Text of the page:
My hon. Friend pointed out that the administrative arrangements for applying for carers allowance in order to qualify for the additional pension credit, even if unsuccessfully, is not quite the model of streamlined government that one would expect in the 21st century. We have said, and I reaffirm it today, that we will look carefully at the Committee's proposals for carers in the long term. We are also considering how to improve the process in the shorter term for pensioners in receipt of pension credit, in order to make it more straightforward. As I said about housing and council tax benefits, there are IT issues, but we wish to address them.

My hon. Friend the Member for Stroud spoke about the quality of life of pensioners. In addition to enhancing the pension, the Government have introduced bus passes, free swimming, support for the television licence fee and the Warm Front scheme; and we have maintained the level of the cold weather and winter fuel payments this winter. On Monday this week, the Energy Bill received its Second Reading; it will introduce social tariffs, from which poor pensioners should benefit.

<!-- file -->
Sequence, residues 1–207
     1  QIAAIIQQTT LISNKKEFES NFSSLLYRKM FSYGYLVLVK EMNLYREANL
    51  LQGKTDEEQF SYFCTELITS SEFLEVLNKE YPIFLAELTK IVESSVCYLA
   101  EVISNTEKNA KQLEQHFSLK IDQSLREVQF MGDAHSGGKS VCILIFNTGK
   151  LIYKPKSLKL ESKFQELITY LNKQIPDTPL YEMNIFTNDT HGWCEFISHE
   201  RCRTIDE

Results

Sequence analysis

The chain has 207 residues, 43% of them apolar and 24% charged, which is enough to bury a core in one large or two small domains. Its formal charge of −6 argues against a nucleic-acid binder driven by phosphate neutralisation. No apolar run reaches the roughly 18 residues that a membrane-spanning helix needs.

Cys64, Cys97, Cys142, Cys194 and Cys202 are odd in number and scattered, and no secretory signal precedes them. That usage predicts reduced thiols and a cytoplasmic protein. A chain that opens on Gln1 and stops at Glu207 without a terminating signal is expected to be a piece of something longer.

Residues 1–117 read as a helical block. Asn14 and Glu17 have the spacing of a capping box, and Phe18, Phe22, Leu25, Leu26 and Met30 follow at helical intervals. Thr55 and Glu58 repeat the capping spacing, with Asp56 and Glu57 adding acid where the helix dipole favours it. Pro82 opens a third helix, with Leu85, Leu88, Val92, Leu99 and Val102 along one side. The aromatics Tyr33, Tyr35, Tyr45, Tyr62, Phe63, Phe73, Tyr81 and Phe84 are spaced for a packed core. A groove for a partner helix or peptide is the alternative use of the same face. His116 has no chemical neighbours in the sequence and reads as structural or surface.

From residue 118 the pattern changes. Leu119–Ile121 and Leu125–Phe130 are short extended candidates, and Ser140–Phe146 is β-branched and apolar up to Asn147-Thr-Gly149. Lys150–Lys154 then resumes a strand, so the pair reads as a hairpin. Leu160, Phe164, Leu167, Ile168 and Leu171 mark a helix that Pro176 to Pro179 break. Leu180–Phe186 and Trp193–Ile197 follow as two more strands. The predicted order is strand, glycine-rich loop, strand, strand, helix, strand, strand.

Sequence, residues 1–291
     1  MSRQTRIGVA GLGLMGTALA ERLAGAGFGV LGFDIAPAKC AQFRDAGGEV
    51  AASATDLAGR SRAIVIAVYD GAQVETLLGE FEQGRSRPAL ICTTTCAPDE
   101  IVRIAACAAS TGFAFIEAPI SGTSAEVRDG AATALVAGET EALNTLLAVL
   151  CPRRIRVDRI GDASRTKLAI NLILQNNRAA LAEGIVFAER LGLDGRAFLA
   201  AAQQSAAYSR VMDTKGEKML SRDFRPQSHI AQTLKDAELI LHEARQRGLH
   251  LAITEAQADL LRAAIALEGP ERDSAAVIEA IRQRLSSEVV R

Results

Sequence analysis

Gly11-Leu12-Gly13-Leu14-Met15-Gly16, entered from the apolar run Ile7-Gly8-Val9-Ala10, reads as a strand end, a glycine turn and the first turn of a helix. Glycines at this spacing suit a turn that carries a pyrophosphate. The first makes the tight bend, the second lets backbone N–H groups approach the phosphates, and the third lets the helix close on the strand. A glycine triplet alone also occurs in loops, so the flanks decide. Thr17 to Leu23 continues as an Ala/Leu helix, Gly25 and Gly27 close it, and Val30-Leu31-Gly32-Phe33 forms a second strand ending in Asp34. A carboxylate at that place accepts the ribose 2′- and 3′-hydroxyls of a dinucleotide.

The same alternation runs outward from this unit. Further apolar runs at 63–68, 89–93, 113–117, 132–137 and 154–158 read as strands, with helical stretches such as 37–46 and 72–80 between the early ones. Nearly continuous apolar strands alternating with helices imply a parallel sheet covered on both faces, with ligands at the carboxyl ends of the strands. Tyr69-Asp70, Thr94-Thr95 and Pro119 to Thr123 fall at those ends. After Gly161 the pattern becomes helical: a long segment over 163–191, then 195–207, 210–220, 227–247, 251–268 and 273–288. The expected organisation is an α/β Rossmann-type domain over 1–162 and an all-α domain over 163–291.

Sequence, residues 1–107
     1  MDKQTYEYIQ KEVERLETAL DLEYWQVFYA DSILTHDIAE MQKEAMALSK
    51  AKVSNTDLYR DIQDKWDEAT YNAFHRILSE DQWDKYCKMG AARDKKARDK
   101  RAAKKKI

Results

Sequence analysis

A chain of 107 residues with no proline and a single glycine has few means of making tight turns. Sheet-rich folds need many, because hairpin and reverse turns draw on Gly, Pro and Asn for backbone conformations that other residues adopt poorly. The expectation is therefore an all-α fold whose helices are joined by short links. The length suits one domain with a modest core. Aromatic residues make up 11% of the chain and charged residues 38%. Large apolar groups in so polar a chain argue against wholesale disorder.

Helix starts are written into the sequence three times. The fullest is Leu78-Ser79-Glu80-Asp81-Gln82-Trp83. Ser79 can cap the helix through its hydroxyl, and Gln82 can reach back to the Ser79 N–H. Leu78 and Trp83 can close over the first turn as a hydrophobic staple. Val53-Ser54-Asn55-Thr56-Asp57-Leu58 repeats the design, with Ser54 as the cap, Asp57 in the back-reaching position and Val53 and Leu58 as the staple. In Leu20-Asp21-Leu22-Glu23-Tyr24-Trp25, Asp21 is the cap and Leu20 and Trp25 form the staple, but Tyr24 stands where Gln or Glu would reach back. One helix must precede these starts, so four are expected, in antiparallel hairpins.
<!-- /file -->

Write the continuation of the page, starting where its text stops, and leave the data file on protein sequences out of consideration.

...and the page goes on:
I turn to the question of why we do not have targets for pensioner poverty like those that we introduced for child poverty. Essentially, we come back to the incentives point that I made earlier. The fact of the matter is that, in most cases, pensioners have had the opportunity to take actions to enhance their income in retirement. We want to set up a system that removes the barriers to people doing that, which is why we have placed such emphasis on the changes to the rules for carers and women who have had particular difficulties because the